Finally, A Breakthrough At Tower Hill

All this week, we've been taking you to BSI's Tower Hill Factory. The season started with optimism on Monday morning but by Tuesday evening - it had been blocked by cane trucks from the Belize Sugar Cane Farmers Association.

Tonight, we can report that those cane trucks have finally been moved - after both sides agreed to a compromise this evening.

The best information reaching our newsroom tonight is that Prime Minister John Briceno finally managed to facilitate a breakthrough today to end the blockade of the entire industry.

The Prime Minister had allegedly been promising the farmers to come through with this intervention since yesterday, but we are informed that his efforts finally started meeting success this morning. That's when the millers, ASR/BSI, agreed in principle to an interim agreement that will extend all the way to August of next year.

After a review by the attorneys for both sides, they agreed to the final draft. We are informed that the leadership of the BSCFA made a request that representatives of ASR/BSI meet them at the entrance of the Tower Hill compound for the signing of this contract.

Reportedly, that request was denied, and instead, the millers requested that farmers remove all of their cane trucks that have been blocking delivery operations for several days now. Then and only then would they send out their signed copy of the interim agreement to finalize the process and get signatures from the BSCFA leadership.

Late this evening, those trucks were removed, and in the presence of police and ministers of government, the BSCFA leaders signed the contract, which officially ends the stand-off.

Tonight, there are small victories to celebrate all around, as we enter the New Year Holiday weekend.

Next, the BSCFA gets to celebrate their multi-day protest as a victory, since they were able to oblige the millers to move from a hardline rejection of an interim agreement to a newly signed document.

But, among the losers are the 3 smaller cane farming associations whose membership will suffer losses due to the day in a fight that they had no involvement in or control over. Next, we understand that the millers feel bruised by the outcome because basically, they were strong-armed into the interim agreement. We understand they relented out of concern for their staff's safety in this unrest, and concern for stakeholders and their investment, which is rapidly depreciating. We understand that the Ministry of Finance also signed an indemnity letter for the BSCFA in the event that the other associations or the millers want to sue them for loss of revenue due to the one week delay.

Knowledgeable persons have shared concerns with us about the quality of the cane in the ground, as well as all those tonnes of cane that have been sitting in those trucks for days now.

Behind the BSI Breakthrough

At the top of our newscast, we told you how the blockade of the sugar industry has been ended. That's after millers, BSI/ASR, finally signed an interim business agreement with the Belize Sugar Cane Farmers Association. That temporarily ends their latest dispute which led farmers from the BSCFA to set up a blockade of all the entrances and exits to the Tower Hill compound.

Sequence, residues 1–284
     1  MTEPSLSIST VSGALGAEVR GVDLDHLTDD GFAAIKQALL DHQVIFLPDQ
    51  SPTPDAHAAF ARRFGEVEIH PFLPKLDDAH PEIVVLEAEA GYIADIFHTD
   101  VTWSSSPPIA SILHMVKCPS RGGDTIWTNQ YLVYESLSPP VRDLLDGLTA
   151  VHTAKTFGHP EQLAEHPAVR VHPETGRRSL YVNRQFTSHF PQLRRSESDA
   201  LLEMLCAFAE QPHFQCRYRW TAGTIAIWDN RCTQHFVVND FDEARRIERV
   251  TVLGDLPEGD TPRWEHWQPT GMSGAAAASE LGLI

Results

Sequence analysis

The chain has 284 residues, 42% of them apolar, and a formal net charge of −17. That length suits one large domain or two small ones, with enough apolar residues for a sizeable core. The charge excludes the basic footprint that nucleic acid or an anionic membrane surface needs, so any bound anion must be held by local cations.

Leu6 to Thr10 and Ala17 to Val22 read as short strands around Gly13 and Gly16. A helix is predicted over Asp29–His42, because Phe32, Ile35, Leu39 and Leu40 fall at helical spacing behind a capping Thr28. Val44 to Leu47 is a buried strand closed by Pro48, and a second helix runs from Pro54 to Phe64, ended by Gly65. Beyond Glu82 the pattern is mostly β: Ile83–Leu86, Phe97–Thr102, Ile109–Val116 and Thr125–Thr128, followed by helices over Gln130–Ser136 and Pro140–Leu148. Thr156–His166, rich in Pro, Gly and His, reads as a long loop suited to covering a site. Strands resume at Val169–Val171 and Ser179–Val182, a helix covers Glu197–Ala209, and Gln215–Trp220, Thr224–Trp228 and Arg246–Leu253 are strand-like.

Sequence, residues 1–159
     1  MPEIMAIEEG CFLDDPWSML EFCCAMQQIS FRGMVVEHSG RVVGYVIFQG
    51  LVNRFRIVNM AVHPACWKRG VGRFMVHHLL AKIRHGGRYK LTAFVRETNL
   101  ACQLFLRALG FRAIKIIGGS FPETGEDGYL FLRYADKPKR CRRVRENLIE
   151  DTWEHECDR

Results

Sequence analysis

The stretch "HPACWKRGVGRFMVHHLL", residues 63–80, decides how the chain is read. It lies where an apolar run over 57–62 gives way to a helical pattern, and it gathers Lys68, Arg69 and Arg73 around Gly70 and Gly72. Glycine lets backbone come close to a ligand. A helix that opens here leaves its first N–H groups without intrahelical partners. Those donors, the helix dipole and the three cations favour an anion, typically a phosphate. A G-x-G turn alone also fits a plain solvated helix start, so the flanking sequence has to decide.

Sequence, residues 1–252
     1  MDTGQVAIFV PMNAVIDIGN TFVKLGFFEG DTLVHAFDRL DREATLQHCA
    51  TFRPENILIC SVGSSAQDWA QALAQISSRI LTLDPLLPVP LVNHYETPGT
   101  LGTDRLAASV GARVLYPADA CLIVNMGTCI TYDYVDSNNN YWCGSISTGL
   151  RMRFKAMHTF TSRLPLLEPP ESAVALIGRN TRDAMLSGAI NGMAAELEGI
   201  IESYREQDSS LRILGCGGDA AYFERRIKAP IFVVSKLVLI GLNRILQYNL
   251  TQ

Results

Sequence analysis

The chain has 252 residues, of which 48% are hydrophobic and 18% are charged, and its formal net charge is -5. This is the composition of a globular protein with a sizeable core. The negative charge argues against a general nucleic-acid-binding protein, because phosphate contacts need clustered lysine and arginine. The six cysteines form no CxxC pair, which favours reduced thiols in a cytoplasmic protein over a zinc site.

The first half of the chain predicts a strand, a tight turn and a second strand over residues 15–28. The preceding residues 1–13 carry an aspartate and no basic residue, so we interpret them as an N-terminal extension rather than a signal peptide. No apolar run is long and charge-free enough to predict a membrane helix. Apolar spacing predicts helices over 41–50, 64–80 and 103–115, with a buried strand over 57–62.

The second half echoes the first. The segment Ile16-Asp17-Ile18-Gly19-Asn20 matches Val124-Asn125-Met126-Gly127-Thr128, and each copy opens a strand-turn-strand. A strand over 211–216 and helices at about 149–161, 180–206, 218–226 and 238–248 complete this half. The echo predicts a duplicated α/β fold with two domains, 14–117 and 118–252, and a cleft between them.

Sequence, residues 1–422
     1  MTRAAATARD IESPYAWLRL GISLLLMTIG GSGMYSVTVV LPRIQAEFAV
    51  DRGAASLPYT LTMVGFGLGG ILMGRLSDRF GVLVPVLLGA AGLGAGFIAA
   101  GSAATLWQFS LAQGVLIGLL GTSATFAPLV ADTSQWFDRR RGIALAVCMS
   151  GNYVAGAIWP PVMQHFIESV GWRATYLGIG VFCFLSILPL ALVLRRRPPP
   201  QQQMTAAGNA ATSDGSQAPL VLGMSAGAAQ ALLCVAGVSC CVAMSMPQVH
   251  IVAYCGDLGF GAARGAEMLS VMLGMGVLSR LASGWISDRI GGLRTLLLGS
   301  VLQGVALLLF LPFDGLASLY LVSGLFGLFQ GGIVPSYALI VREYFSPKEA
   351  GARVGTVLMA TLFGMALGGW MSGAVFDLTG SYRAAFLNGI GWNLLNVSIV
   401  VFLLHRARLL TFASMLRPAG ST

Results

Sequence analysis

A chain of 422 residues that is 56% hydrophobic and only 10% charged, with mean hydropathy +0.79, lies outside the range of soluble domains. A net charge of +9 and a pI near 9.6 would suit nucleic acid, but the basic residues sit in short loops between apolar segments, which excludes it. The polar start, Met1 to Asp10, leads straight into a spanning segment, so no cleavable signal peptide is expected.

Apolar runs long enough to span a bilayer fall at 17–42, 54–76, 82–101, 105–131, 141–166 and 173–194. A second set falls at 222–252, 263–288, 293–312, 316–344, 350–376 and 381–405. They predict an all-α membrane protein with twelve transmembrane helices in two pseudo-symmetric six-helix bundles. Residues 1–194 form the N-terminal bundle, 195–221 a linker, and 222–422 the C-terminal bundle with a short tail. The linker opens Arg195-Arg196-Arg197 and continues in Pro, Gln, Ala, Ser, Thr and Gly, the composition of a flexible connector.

This disagreement caused the entire industry to be shut down for several days. But, due to the intervention of the Prime Minister and his team, the two sides entered a sort of wary truce late this evening.

The farmers have removed their trucks, and the industry should restart in a few days. This evening, after the document was signed, and the stand-off was ended, our colleagues from CTV 3 got a chance to speak with Agriculture Minister Jose Abelardo Mai:

Hon. Jose Abelardo Mai, Minister of Agriculture
"Prime Minister took the lead on this matter. I supported him of course being minister of agriculture and we had the support of the ministers in the North. We also had the support of our great friend, Minister Eamon Courtenay who was behind the scenes, but was very influential in the breakthrough. So I thank all of our colleagues in cabinet who I know had been really attentive to what was happening and to the cane farmers, the cane farmers are very hard working people, their frustration levels were high. I think that in the end dialogue paid off."

Reporter
"Any promises had to be made for any of the parties in order for them to be this breakthrough?"

Hon. Jose Abelardo Mai, Minister of Agriculture
"Of course, I think there was some communication was sent to BSCFA indicating that there may be intention for the mill to probably sue for damages caused by this demonstration. But our prime minister made a commitment to the farmers that the government would definitely intervene on this matter and this would not be the case. So that promise was done by the prime minister, the farmers are satisfied. I think that if we are to move forward, we cannot continue in this type of litigation and battling each other. We are in this together, we are joined at the hip here both the miller and the farmers. So, I think that we have to learn to live with each other."

It is expected that the mill's operations should resume in the next few days = once the boilers can be brought back up to speed, and cane deliveries can resume.

As we trace the trajectory of this dispute, we note also the exemplary conduct of the police who did not provoke the cane farmers but simply maintained the peace including through direct mediation from the Commissioner of Police. There had been bloodshed and clashes in the past.

Channel 7


Last edited by Marty; 01/01/22 04:53 AM.